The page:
Ousmane Sonko’s Arrest Sets Off New Round of Protests

by Pelican Press
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Senegal’s government has dissolved the country’s main opposition party and detained its leader on charges of fomenting insurrection, setting off a new round of protests in which two people were killed on Monday.

A series of recent legal actions against the opposition leader, Ousmane Sonko, has triggered some of the worst political violence in recent history in Senegal, a seaside nation in West Africa.

Mr. Sonko, the 49-year-old mayor of the southern city of Ziguinchor, has galvanized fierce opposition to the country’s president, Macky Sall, a key Western ally in a region that is being shaken by a series of military takeovers. Mr. Sonko, a former tax inspector, has vowed to fight corruption and appealed to the country’s youth with talk of empowerment and abrasive rhetoric.

He has called for protesters to fill the streets and make the nation ungovernable and, at one point, said about the president, “The people are going to get him out of the palace and drag him outside.”

The government blocked some internet service and motorcycle traffic Monday before announcing it was dissolving Mr. Sonko’s political party, blaming its members for calling for uprisings that have led to deaths and property destruction.

On Friday, Mr. Sonko was suddenly taken into custody. He had been holed up in his home since last month, awaiting the start of a sentence in a case in which a woman who worked at a massage parlor accused him of rape. He was acquitted of rape, but convicted of “corrupting youth.” His supporters claimed that the trial was nothing more than a political prosecution to keep him from running for president.

Mr. Sonko announced over the weekend that he was going on a hunger strike. Then on Monday, he was charged with insurrection, again outraging his supporters.

Senegal’s interior minister provided few details of the two deaths beyond saying they occurred in the city of Ziguinchor, Mr. Sonko’s stronghold. The ministry urged calm and said authorities were taking steps “to preserve peace and tranquility.”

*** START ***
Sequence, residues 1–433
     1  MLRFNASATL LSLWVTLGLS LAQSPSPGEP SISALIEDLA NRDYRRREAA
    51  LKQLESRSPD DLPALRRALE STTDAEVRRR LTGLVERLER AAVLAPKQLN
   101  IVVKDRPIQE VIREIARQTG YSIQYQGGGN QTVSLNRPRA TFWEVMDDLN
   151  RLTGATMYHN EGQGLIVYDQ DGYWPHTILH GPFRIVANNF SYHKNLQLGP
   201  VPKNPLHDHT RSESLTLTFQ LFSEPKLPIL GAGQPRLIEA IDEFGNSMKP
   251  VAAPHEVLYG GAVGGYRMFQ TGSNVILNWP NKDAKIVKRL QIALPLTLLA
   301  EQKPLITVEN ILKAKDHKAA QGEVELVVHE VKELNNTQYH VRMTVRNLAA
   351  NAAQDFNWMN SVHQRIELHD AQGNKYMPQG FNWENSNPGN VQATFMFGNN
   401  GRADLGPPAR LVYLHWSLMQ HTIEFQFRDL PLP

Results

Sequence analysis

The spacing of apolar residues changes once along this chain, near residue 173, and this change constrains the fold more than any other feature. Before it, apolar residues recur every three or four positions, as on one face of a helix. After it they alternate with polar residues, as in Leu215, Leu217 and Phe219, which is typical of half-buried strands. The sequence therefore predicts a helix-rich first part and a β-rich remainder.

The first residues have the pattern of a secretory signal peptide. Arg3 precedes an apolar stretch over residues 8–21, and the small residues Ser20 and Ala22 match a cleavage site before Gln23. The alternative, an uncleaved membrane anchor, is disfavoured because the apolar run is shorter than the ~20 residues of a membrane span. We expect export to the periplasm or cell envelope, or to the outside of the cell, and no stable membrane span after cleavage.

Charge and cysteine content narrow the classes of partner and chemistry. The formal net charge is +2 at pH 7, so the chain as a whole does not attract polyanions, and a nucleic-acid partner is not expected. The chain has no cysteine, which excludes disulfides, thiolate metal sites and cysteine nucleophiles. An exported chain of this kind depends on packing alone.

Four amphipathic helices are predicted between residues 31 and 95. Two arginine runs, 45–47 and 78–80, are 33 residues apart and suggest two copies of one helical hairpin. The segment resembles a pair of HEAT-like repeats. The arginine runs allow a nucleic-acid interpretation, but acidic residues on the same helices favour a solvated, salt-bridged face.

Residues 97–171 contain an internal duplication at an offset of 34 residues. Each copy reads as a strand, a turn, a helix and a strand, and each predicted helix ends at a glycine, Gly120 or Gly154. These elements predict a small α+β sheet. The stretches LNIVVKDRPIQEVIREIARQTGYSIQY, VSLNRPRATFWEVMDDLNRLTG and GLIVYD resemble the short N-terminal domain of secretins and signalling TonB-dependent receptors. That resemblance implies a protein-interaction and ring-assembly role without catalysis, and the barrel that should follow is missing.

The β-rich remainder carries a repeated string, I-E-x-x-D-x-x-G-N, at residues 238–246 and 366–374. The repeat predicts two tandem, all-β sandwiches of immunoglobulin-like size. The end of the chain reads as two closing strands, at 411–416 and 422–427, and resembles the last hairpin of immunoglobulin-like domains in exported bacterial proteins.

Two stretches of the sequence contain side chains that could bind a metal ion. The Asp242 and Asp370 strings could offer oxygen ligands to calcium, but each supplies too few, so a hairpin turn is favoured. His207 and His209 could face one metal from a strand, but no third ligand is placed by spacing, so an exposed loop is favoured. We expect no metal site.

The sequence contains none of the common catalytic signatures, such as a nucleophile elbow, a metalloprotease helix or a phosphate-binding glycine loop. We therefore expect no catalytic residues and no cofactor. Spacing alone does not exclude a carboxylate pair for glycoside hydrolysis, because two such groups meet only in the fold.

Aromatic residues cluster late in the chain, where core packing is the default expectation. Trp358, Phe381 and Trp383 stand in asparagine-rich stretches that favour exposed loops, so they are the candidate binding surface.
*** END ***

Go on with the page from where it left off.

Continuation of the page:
The latest round of tensions comes two months after 16 people died during demonstrations around Mr. Sonko’s rape trial. His sentence of two years on youth corruption charges sent thousands of young people to the streets of Dakar and other Senegalese cities, prompting the country’s authorities to deploy the military and block social media for days.

Many of the 16 died after being shot with live ammunition, according to death certificates seen by The New York Times. Many protesters and their families accused Senegalese police of firing on demonstrators.

The government’s attempts to rein in Mr. Sonko and his supporters have provoked concerns about the country’s direction.

“Our country is experiencing an unprecedented democratic decline in our political history!” former Prime Minister Aminata Touré, who last year broke ties with Senegal’s president and later announced that she would run for president. In a post Monday night on social media, she lamented the loss of democratic gains that had been achieved in Senegal “through hard struggle through generations of men and women committed to our country.”

Presidential elections are scheduled for February of 2024. Mr. Sall had suggested in interviews that he might run for a third term, though the country’s Constitution limits presidents to two terms.

But after much suspense, Mr. Sall announced last month that he would not run again, earning him praise from regional and international partners, and temporarily bringing calm back to Senegal.

Despite the legal charges against Mr. Sonko, experts say that he could still be eligible to run for president.

Ousmane Sène, the director of the West African Research Center in Dakar, likened Mr. Sonko’s tactics to those of former U.S. President Donald Trump: denying the legitimacy the country’s institutions; casting themseves as victims; and calling followers to take to the streets.

“This is the major thing that is problematic in his way of doing politics,” he said, referring to Mr. Sonko. “In this country it is always possible to reach power through the ballot.”



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